Electron temperature estimates (O III) and (N II) were derived from the [O III] and [N II] intensity ratios and electron densities (S II), (Cl III), and (Ar IV) from the [S II] , [Cl III] , and [Ar IV] intensity ratios, respectively. These electron temperatures and densities were obtained by numerically solving the equilibrium equations for an n-level atom using the temden routine of the nebular package of the STSDAS/IRAF, using the same atomic parameters and electron density and temperature adopted in Paper I. We have also calculated the electron temperature from the ratio of the nebular Balmer discontinuity to , for NGC 1535, NGC 2440, NGC 3242, and NGC 7009. In Paper I we have discussed in detail the possible sources of uncertainty in the determination of electron temperature and density.
We derived the abundance from the emission lines , , and and then averaged these abundances weighting according to the intensity of the line. The ratios were obtained from the He II line. The recombination coefficients used were from Storey & Hummer (1995) for H and He II and from Benjamin et al. (1999) for He I, which includes the effects of collisional excitation from both 23 S and 21 metastable level. The elemental abundance of He was given by .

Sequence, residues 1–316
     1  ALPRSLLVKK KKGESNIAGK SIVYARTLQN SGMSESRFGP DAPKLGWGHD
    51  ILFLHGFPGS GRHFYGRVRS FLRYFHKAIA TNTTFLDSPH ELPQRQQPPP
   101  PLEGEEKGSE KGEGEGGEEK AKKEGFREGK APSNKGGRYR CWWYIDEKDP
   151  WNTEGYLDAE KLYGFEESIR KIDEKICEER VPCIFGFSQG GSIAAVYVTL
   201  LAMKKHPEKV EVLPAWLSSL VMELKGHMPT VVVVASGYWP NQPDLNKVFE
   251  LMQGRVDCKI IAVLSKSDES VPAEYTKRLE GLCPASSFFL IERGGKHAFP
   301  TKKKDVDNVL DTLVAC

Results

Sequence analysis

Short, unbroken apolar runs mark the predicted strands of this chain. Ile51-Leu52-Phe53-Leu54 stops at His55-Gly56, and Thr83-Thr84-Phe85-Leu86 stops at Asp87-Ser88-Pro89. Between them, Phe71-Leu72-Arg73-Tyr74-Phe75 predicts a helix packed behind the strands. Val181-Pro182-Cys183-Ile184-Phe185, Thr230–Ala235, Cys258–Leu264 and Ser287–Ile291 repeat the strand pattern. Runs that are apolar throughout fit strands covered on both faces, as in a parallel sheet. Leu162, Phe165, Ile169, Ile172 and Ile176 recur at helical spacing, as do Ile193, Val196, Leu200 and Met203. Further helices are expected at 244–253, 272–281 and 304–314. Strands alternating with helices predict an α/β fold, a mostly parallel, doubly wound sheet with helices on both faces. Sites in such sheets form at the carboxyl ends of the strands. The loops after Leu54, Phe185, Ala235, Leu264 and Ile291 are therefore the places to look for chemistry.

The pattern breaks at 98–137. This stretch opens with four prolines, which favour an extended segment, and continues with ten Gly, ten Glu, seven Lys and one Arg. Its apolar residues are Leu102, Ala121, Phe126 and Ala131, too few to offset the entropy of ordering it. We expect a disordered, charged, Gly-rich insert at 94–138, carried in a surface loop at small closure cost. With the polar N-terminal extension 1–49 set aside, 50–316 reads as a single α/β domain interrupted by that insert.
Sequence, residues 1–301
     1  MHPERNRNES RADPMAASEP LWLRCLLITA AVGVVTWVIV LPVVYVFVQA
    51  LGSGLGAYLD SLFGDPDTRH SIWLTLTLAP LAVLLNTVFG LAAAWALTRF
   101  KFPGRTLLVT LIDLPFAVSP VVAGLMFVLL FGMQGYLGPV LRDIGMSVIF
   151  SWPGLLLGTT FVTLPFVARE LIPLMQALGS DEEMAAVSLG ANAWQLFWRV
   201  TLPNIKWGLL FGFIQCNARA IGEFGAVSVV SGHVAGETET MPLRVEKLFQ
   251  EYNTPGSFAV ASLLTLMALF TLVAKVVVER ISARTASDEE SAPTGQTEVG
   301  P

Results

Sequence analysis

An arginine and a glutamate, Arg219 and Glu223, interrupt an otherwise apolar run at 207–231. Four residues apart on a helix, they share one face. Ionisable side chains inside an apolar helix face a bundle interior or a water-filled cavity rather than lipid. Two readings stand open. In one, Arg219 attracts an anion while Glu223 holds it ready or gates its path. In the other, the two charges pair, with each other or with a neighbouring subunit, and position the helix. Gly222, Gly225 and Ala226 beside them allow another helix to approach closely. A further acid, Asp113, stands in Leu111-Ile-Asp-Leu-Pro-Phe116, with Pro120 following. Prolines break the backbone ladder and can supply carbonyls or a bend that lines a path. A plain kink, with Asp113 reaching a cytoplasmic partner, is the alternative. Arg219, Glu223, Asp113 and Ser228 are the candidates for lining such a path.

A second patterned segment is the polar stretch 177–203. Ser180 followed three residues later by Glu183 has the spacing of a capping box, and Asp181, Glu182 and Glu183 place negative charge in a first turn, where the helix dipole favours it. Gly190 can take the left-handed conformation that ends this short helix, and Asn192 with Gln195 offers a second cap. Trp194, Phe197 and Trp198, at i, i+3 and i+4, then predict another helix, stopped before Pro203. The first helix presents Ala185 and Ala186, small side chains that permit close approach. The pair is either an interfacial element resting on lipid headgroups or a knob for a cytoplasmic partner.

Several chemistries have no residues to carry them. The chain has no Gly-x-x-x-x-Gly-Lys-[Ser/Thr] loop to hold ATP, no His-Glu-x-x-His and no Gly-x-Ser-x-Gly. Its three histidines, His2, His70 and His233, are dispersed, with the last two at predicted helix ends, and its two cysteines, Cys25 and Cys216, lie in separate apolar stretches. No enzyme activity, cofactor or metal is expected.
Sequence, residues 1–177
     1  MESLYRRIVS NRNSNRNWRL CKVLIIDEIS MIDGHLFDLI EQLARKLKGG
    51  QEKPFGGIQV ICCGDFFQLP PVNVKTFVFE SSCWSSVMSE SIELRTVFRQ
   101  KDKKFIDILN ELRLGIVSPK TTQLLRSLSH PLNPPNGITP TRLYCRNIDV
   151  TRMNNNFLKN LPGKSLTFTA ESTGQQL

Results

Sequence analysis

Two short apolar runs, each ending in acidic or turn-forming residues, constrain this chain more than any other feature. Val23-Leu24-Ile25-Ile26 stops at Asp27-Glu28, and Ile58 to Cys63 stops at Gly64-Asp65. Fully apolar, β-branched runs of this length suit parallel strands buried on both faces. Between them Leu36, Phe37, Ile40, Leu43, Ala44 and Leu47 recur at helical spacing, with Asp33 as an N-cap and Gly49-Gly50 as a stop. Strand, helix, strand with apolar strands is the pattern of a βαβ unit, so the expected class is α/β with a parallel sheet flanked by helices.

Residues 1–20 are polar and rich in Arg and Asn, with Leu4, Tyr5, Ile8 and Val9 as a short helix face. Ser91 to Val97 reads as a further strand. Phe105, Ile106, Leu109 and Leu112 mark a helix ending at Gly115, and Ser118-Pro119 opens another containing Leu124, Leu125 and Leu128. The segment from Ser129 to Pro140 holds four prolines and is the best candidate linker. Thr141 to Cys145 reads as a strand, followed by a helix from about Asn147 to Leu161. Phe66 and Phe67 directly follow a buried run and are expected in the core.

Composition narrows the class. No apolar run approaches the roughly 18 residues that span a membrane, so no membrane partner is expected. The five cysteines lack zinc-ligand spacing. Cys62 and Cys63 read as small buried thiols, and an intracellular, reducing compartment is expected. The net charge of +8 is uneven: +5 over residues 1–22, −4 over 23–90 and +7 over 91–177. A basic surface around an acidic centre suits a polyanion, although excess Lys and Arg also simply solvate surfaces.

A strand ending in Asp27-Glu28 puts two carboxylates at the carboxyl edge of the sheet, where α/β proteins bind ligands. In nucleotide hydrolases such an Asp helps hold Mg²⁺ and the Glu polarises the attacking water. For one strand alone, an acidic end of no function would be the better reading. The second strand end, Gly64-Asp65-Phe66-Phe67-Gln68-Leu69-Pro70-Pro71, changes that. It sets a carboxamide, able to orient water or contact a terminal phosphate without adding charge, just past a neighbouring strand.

We have derived ionic abundances of N, O, Ne, S and Cl from collisionally excited lines. These ionic abundances were derived by solving numerically the equilibrium equations for an n-level atom using the abund routine of the nebular package of the STSDAS/IRAF. The references used for the collision strengths C, transition probabilities A, and energy levels E are listed in Table 2.
The determination of ionic abundances derived from forbidden lines presents an exponential dependence on the assumed electron temperature. Therefore, appropriate temperatures must be adopted to calculate the abundance for a given ion. On the other hand, the dependence of ionic abundance estimates on the assumed electron density is insignificant. We have assumed the following scheme in the derivation of the ionic abundances: (N II) and (S II) were adopted for , , and , apart from the cases of NGC 1535 and NGC 3242, for which (O III) was adopted instead, because (N II) was not measured and NGC 1535, where (Ar IV) was the only density estimate; (O III) and a mean density obtained from (Cl III) and (Ar IV) were adopted for , and ; for and we used a mean density from (Cl III) and (Ar IV) and an electron temperature of , which was indicated by Kingsburgh & Barlow (1994) based on the the results of photoionization models.